IISCNLP at SemEval-2016 Task 2: Interpretable STS with ILP based Multiple Chunk Aligner

05/04/2016 ∙ by Lavanya Sita Tekumalla, et al. ∙ 0

Interpretable semantic textual similarity (iSTS) task adds a crucial explanatory layer to pairwise sentence similarity. We address various components of this task: chunk level semantic alignment along with assignment of similarity type and score for aligned chunks with a novel system presented in this paper. We propose an algorithm, iMATCH, for the alignment of multiple non-contiguous chunks based on Integer Linear Programming (ILP). Similarity type and score assignment for pairs of chunks is done using a supervised multiclass classification technique based on Random Forrest Classifier. Results show that our algorithm iMATCH has low execution time and outperforms most other participating systems in terms of alignment score. Of the three datasets, we are top ranked for answer- students dataset in terms of overall score and have top alignment score for headlines dataset in the gold chunks track.

READ FULL TEXT VIEW PDF
POST COMMENT

Comments

There are no comments yet.

Authors

page 1

page 2

page 3

page 4

This week in AI

Get the week's most popular data science and artificial intelligence research sent straight to your inbox every Saturday.

1 Introduction and Related Work

Semantic Textual Similarity (STS) refers to measuring the degree of equivalence in underlying semantics(meaning) of a pair of text snippets. It finds applications in information retrieval, question answering and other natural language processing tasks. Interpretable STS (iSTS) adds an explanatory layer, by measuring similarity across chunks of segmented text, leading to an improved interpretability. It involves aligning multiple chunks across sentences with similar meaning along with similarity score(0-5) and type assignment.

Interpretable STS task was first introduced as a pilot task in 2015 Semeval STS task. Several approaches were proposed including NeRoSim [Banjade et al.2015], UBC-Cubes [Agirre et al.2015] and Exb-Thermis [Hänig et al.2015]. For the task of alignment, these submissions used approaches based on monolingual aligner using word similarity and contextual features [Md Arafat Sultan and Summer2014], JACANA that uses phrase based semi-markov CRFs [Yao and Durme2015] and Hungarian Munkers algorithm [Kuhn and Yaw1955]

. Other popular approaches for mono-lingual alignment include two-stage logistic-regression based aligner

[Md Arafat Sultan and Summer2015], techniques based on edit rate computation such as [lien Maxe Anne Vilnat2011] and TER-Plus [Snover et al.2009]. [Bodrumlu et al.2009] used ILP for word alignment problem. The iSTS task in 2016 introduced problem of many-to-many chunk alignment, where multiple non-contiguous chunks of the source can align with multiple-non-contiguous chunks of the target sentence, that previous monolingual alignment techniques cannot handle. We propose iMATCH, a new technique for monolingual alignment for many-to-many alignment at the chunk level, that can combine non-contiguous chunks based on integer linear programming (ILP). We also explore several features to define a similarity score between chunks to define the objective function for our optimization problem, similarity type and score classification modules. To summarize our contributions:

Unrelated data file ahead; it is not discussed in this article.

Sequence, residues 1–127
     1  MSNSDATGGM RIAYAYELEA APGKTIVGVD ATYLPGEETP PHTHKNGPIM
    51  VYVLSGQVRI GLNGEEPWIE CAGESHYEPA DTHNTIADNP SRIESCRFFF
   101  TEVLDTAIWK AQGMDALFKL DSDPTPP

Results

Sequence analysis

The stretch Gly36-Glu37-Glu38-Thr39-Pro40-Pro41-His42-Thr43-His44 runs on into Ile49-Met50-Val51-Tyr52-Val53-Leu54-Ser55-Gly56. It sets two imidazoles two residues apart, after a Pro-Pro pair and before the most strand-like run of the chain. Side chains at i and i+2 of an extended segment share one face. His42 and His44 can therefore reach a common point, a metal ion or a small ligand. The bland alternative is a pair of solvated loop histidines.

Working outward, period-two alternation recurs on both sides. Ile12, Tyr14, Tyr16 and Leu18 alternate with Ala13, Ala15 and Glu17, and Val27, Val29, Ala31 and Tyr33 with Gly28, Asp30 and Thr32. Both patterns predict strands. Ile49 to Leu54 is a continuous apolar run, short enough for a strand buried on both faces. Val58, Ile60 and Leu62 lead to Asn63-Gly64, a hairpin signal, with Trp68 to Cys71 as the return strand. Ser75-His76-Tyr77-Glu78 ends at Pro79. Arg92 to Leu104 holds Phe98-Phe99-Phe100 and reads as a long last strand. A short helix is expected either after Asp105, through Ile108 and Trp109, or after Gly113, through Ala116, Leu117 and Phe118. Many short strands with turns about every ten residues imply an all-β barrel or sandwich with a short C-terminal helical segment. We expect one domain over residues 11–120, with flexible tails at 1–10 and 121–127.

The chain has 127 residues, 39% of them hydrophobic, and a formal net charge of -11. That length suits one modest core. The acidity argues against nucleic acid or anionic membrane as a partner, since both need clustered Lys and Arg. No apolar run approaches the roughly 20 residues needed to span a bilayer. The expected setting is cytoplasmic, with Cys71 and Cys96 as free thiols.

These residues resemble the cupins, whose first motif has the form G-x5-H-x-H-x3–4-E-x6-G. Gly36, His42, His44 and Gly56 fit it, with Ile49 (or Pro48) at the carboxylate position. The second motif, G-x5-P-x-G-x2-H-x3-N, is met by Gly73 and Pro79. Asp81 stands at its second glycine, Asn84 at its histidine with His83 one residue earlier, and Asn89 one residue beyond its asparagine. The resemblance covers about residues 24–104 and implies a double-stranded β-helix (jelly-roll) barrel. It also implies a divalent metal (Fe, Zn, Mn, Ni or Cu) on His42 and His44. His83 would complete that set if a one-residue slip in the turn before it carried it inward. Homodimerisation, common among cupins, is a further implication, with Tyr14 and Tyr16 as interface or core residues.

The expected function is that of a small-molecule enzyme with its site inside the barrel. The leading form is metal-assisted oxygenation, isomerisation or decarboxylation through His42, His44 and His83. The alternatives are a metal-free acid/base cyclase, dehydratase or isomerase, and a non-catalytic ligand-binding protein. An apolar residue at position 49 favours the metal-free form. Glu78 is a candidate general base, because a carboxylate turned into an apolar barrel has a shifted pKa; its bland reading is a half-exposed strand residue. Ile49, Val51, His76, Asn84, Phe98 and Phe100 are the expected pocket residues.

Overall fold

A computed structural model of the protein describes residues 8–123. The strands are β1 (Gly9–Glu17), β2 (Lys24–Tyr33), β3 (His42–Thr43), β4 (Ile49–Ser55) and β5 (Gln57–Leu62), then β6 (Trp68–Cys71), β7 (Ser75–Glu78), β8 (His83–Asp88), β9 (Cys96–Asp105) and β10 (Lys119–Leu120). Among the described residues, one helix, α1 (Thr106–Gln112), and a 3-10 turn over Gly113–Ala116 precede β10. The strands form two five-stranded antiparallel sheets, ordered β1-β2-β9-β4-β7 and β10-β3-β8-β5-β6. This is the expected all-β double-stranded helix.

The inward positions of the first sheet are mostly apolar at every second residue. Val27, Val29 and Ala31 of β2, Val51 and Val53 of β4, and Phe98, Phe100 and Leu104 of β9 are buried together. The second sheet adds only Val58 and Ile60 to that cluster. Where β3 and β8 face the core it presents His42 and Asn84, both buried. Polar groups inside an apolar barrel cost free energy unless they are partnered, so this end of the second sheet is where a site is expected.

• We propose a novel algorithm for monolingual alignment : iMATCH that handles many-to-many chunk level alignment, based on Integer Linear Programming.

  • We propose a system for Interpretable Semantic Textual Similarity: In the Gold-chunks track, our system is the top performer for the students-dataset and our alignment score is in that of the best two teams for all datasets.

2 System for Interpretable STS

Our system comprises of (a) alignment module, iMATCH (section 2.1), (2) Type prediction module (section 2.2) and (3) Score prediction module (section 2.3). In the case of system chunks, there is an additional chunking module for segmenting input sentences into chunks. Figure 1 shows the block diagram of proposed system.

Figure 1: Flow diagram of proposed iSTS system

Problem Formulation: Following is the formal definition of our problem. Consider source sentence () with M chunks and target sentence () with N chunks. Consider sets , the chunks of sentence and , the chunks of sentence . Consider sets and . Note that and are subsets of the power set (set of all possible combinations of sentence chunks) of and respectively. Consider sets and , which denotes a specific subset of chunks that are likely to be combined during alignment. Let denote the phrase resulting from concatenation of chunks in and denote the phrase resulting from concatenation of chunks of

. Consider a binary variable

that takes value 1 if is aligned with and 0 otherwise.

The goal of alignment module is to determine the decision variables (), which are non-zero. and can have more than one chunk (multiple alignment), that are not necessarily contiguous. Aligned chunks are further classified using Type classifier and Score classifier. Type prediction module identifies a pair of aligned chunks () with a relation type like EQUI (equivalent), OPPO (opposite) etc. Score classifier module assigns a similarity score ranging between 0-5 for a pair of chunks. For the system chunks track, the chunking module, converts sentences to sentence chunks .

2.1 iMATCH: ILP based Monolingual Aligner for Multiple-Alignment at the Chunk Level

Figure 2: iMatch: An example illustrating notation